Nickie Coby (puppybraille) wrote,
Nickie Coby
puppybraille

Convince Yahoo! to make their captcha accessible

Last year, I asked friends and readers of this blog to sign a petition, asking Google to make their captchas (those little "type in the text you see into the box below) things), accessible to those of us who cannot read graphics. The campaign is generally centered around blindness, but makes good sense for all, including those who "don't see too good", those who cannot read, but use text reading software to navigate the web, those who have text browsers instead of graphic enabled ones and others I'm not aware of, or forgot about unintentionally. The problem, and reason these captchas need to be fixed, is that graphics of letters and numbers don't get represented in text, no matter how textual they seem to the person who uses them. That's because, no matter what we wish, screen readers, text browsers etc, can't discifer graphics. It's the same reason I don't always realize you've put up a really cute picture of fluffy on Facebook or your blog.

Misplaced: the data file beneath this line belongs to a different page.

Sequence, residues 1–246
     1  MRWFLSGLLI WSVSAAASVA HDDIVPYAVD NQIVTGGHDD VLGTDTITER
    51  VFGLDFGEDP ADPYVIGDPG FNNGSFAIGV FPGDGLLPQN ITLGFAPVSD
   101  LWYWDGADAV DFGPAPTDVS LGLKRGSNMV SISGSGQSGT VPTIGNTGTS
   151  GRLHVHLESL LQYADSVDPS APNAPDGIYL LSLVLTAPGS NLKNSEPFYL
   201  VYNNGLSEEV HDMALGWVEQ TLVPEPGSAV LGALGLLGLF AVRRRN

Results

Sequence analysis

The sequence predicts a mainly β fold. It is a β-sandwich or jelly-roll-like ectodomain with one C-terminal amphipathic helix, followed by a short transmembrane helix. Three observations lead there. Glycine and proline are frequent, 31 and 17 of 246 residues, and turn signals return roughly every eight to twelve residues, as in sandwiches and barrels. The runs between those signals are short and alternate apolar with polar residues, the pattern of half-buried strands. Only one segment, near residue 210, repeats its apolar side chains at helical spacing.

So, since screen readers can't read what graphics say without alternative text to tell them what the graphic is, it follows that captcha locks out blind and visually impaired people. There are solutions, such as audio captchas or simple tests which ask you relatively obvious questions. This year, the goal is to get
Yahoo!
to make their captchas accessible.
sign the petition here
to help Yahoo! understand both that making their account creation, group subscription, Del.icio.us account creation, and other creation and subscription services accessible is important to many, and why it's important. I'm happy to answer questions about this, if you don't understand what I'm talking about.

Also, check out
Blind Access Journal
for more information, including one of my favorite posts on why
petitions make a difference.

Tags: accessibility, blogs, disability related, technology related
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